Apple and Dell were the only two bright spots in an otherwise dreary report on consumer spending released Monday by ChangeWave Research.
In a survey of 3,699 consumers conducted between Oct. 23 and Nov. 3, research director Paul Carton found what he described as a “massive breakdown in consumer spending,” just in time to spoil the holiday season for retailers in about every category — including computers.
Only 8% of respondents said they planned to buy a laptop in the next 90 days, compared with 11% a year ago. Even fewer — 6% — said they planned to buy a desktop machine, down from 8% a year ago.
“It’s not easy to increase market share in one of the worst spending environments in years,” writes Carton, but Apple seems poised to do so. Among those few consumers who plan to buy a laptop in the next three months, one-third said they planned to buy an Apple — up from 29% in September.
Apple’s (AAPL) refreshed MacBook line seems to be what’s got people opening their wallets again. A total of 7% of respondents said they intended to buy one of the aluminum unibodies over the holidays. Another 6% said they had their eye on the old white plastic MacBooks at the new $999 price point.
Only 27% of the respondents who plan to buy a desktop computer say they’re going to buy a Mac, up slightly from September, but down three points from August.
The other bright spot in the ChangeWave survey is Dell (DELL). As Carton puts it:
“Something quite unusual is happening with Dell. For the first time in nearly three years, Dell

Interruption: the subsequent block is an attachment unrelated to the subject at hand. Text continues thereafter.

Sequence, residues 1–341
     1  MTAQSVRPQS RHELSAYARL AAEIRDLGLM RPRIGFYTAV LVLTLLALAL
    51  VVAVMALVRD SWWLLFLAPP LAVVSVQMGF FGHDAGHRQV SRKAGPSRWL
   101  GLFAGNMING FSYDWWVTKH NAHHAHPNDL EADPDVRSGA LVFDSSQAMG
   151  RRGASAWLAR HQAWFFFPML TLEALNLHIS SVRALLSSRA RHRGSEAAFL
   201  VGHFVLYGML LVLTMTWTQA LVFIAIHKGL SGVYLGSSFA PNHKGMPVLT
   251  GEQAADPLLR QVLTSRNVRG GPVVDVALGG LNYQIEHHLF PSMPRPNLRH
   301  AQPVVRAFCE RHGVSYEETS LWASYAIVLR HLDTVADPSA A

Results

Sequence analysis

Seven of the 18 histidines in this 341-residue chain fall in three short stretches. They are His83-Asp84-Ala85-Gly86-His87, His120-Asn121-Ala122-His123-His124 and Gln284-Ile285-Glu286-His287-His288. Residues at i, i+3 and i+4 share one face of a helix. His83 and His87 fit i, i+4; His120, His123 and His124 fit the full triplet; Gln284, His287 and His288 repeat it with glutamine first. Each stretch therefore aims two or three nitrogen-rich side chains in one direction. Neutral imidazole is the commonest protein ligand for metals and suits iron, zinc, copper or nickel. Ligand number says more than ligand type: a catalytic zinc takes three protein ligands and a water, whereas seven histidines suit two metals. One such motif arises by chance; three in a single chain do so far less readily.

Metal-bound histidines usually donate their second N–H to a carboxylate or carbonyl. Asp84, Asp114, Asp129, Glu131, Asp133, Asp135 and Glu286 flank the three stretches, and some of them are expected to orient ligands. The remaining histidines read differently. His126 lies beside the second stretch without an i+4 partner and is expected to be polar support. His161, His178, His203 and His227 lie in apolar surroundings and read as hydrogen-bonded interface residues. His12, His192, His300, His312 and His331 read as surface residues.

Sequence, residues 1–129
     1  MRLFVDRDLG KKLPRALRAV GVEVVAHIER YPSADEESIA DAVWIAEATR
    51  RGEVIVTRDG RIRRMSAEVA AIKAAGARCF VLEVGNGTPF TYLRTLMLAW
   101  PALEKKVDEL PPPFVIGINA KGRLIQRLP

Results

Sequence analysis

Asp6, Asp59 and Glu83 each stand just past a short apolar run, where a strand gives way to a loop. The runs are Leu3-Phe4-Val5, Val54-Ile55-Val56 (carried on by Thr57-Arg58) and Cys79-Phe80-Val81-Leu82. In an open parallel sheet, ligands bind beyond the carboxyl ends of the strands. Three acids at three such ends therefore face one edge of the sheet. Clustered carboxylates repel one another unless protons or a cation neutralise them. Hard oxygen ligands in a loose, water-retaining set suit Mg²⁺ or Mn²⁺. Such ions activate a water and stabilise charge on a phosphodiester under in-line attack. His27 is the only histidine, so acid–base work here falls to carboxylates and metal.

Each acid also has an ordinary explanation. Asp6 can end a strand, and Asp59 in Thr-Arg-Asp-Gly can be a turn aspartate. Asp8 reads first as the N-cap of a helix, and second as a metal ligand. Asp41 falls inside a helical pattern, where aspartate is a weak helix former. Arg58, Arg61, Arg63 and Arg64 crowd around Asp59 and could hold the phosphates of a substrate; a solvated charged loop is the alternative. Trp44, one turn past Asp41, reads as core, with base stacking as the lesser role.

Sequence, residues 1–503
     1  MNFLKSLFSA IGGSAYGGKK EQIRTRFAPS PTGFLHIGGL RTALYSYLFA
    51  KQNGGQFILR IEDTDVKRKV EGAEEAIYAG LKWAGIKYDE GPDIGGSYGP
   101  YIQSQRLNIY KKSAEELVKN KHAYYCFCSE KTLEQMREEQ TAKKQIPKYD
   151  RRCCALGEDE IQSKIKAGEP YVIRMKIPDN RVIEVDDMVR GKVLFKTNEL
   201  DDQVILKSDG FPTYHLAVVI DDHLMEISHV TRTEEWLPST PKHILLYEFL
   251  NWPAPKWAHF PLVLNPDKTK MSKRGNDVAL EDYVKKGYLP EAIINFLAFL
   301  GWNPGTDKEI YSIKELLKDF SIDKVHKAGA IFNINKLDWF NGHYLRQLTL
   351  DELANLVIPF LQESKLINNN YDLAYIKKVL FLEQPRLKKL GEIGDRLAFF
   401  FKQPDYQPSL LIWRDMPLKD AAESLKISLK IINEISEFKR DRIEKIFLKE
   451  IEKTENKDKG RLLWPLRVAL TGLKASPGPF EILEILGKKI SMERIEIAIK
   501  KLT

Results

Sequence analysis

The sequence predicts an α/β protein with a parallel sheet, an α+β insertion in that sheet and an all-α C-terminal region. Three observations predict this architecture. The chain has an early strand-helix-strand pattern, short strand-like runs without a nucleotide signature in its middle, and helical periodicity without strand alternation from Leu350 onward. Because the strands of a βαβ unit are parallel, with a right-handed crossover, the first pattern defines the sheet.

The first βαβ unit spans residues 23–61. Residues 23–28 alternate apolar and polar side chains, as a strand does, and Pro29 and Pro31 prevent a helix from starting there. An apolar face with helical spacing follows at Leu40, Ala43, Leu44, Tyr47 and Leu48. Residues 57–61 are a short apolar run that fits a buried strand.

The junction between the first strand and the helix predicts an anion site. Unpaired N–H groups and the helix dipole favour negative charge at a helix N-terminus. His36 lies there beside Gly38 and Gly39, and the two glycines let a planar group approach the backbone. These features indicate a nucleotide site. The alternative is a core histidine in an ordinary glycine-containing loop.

consumer planned purchases look positively upbeat.”
Planned purchases of Dell desktops have taken a surprising leap, he writes, increasing a full 11 points to 37%. Planned purchases for Dell laptops (33%) are up 2 points, as shown in the following chart:
Why Dell? Carton asked respondents and got several versions of the same answer: “Good value,” wrote one. “Dell has the right features, ability to customize the configuration, and good reviews. I’m not impressed with HP or any other brand offerings.”
But Carton warns that “tremendous caution” is in order when interpreting these Dell results. As he puts it:
“Importantly, consumer purchases represent less than 20% of Dell’s overall PC revenue, with the vast bulk of it coming from the corporate side — where the IT spending pullback during 2008 has had a brutal impact on Dell and other PC manufacturers. Moreover, there are no signs that the overall PC market will be improving at any point in the near future. Rather, the recession continues to pick up steam.”
From the Changewave Alliance website:
ChangeWave runs a proprietary network of 15,000 highly qualified business, technology, and medical professionals referred to as the ChangeWave Alliance. Alliance members are credentialed experts in leading companies of select industries who spend their everyday lives working on the frontline of technological change. (link)
For last month’s ChangeWave report, see “The survey that squashed Apple” — Parts 1 and 2.